Artsy Socialite Devoted to Animal Activism
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Artsy Socialite Devoted to Animal Activism

Expansive rooms and international art compose the interior of West Paces Ferry home.

Marcia Caller Jaffe

After 37 years with the Atlanta Journal-Constitution and now with the AJT, , Jaffe’s focus is lifestyle, art, dining, fashion, and community events with emphasis on Jewish movers and shakers.

The expansive kitchen counters are granite and often serve as bars or buffets at parties.
The expansive kitchen counters are granite and often serve as bars or buffets at parties.

Marilyn and Howard Krone bring an air of intrigue with Old World romance to their Buckhead house, showcasing collected things that give a place its emotional essence.

Both originally from New York, the Krones show an exuberance for décor that is akin to uncorking a special pinot noir from their wine cellar.

The Krones frequently entertain in their wine cellar, a room Marilyn designed from a blank storage space. It houses over 200 bottles, including Howard’s favorite, Kosta Browne Pinot Noir.

Howard, an orthopedic surgeon, and Marilyn, who is in full flower participating in the Atlanta social scene or fussing about her own home, are tastemakers of layers from past houses and designers.

Marilyn, the honoree at the sixth annual Fix Georgia Pets Come Together gala on Tuxedo Road, recalls the back stories of her Italian, Yugoslavian and Southern artists and happily confesses that she chose this three-level house because it could accommodate her oversized French Aubusson rug.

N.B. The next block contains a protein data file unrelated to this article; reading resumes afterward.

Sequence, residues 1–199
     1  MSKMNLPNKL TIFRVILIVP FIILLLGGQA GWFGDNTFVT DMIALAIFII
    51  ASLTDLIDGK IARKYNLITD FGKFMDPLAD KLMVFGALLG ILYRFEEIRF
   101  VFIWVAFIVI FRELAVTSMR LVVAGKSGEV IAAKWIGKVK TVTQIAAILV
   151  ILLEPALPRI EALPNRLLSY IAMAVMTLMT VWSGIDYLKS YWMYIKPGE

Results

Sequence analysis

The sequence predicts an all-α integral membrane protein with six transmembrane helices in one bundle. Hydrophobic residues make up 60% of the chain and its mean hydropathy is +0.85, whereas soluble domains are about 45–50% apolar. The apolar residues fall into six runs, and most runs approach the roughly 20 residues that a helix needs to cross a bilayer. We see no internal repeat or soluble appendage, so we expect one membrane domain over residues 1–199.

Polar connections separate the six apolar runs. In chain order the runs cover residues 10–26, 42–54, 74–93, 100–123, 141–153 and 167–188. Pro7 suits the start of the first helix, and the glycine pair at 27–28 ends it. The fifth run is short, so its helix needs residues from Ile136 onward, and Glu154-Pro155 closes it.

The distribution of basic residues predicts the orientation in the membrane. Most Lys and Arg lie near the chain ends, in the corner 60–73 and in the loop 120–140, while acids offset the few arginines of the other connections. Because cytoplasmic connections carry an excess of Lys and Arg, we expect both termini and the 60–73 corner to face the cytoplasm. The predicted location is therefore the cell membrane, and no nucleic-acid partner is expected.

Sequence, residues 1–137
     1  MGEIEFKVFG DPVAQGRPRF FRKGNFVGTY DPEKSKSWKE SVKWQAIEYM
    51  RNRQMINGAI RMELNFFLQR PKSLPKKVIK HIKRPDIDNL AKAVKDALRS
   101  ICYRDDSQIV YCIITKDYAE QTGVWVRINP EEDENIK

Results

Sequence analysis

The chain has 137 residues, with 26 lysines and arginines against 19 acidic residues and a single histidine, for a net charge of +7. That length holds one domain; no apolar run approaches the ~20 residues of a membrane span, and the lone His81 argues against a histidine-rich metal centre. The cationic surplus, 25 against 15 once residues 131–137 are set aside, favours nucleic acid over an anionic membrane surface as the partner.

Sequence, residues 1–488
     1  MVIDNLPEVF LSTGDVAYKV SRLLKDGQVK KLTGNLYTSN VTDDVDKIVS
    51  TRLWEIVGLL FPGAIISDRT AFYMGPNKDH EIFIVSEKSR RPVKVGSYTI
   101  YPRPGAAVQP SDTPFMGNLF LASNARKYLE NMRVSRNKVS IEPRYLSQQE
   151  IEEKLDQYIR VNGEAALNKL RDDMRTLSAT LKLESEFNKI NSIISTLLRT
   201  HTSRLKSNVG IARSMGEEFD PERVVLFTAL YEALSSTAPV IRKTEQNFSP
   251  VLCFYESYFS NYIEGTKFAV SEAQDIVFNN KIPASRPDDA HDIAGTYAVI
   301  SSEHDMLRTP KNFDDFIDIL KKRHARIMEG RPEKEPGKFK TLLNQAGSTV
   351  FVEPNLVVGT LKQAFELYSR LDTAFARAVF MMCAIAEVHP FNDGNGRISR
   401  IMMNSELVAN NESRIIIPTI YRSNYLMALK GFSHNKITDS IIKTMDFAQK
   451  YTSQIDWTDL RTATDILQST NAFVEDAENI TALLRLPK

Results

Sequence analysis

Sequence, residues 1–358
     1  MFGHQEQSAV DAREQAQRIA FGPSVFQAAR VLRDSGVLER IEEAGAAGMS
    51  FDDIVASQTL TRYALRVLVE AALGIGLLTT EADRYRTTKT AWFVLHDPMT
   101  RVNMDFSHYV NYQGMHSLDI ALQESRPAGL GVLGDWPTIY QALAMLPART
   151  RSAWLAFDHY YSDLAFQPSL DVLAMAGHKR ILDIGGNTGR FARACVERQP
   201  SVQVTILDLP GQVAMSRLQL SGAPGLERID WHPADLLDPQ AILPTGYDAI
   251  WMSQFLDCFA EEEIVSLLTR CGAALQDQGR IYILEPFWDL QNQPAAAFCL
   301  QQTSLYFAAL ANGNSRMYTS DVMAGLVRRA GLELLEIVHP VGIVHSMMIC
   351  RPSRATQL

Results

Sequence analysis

The space to accommodate the antique French Aubusson rug in the living room is one of the reasons the Krones bought this Buckhead home. The art in the room includes “Nude Ladies in Water” by 19th century Italian artist Natale Carta.

Come into the Krones’ world.

Photos by Duane Stork

Jaffe: How would you describe the style of your house? What feelings do you want it to evoke when you come home?

Marilyn: Our home has an eclectic feel with a combination of Old and New World. In the future we want to maintain this look with a more contemporary twist with a fresh, lighter feel. We aren’t fond of the cookie-cutter contemporary that is so popular.

Howard: I want a comforting, soothing space. I like having minimal land along with privacy. I like to sit out back with my coffee and enjoy an occasional cigar.

Jaffe: Who are your favorite artists?

Marilyn: We love Robert Jessup with his bold colors and heavy palette. We became good friends with Fay Gold (the art consultant), and she led the way to fill our home with some great pieces. The other pieces were finds from our travels. We love and appreciate the talents of artists from Asia and appreciate the talents of artists from India.